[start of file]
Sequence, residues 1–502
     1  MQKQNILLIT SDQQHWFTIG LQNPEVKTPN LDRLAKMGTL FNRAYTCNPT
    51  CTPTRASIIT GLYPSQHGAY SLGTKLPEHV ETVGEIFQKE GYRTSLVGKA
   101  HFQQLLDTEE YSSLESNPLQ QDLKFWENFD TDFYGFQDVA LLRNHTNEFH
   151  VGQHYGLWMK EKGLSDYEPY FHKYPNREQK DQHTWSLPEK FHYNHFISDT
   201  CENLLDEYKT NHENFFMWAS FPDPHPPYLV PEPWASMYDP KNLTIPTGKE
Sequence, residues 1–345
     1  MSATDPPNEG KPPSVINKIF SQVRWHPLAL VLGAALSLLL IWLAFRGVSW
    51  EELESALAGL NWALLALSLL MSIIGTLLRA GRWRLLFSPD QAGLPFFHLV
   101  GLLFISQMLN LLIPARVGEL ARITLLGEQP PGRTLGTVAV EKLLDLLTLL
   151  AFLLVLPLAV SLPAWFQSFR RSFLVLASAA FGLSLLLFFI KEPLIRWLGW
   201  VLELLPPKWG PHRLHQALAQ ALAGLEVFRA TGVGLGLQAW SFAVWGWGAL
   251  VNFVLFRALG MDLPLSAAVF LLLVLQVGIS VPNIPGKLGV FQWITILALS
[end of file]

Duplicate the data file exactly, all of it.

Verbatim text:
Sequence, residues 1–502
     1  MQKQNILLIT SDQQHWFTIG LQNPEVKTPN LDRLAKMGTL FNRAYTCNPT
    51  CTPTRASIIT GLYPSQHGAY SLGTKLPEHV ETVGEIFQKE GYRTSLVGKA
   101  HFQQLLDTEE YSSLESNPLQ QDLKFWENFD TDFYGFQDVA LLRNHTNEFH
   151  VGQHYGLWMK EKGLSDYEPY FHKYPNREQK DQHTWSLPEK FHYNHFISDT
   201  CENLLDEYKT NHENFFMWAS FPDPHPPYLV PEPWASMYDP KNLTIPTGKE
Sequence, residues 1–345
     1  MSATDPPNEG KPPSVINKIF SQVRWHPLAL VLGAALSLLL IWLAFRGVSW
    51  EELESALAGL NWALLALSLL MSIIGTLLRA GRWRLLFSPD QAGLPFFHLV
   101  GLLFISQMLN LLIPARVGEL ARITLLGEQP PGRTLGTVAV EKLLDLLTLL
   151  AFLLVLPLAV SLPAWFQSFR RSFLVLASAA FGLSLLLFFI KEPLIRWLGW
   201  VLELLPPKWG PHRLHQALAQ ALAGLEVFRA TGVGLGLQAW SFAVWGWGAL
   251  VNFVLFRALG MDLPLSAAVF LLLVLQVGIS VPNIPGKLGV FQWITILALS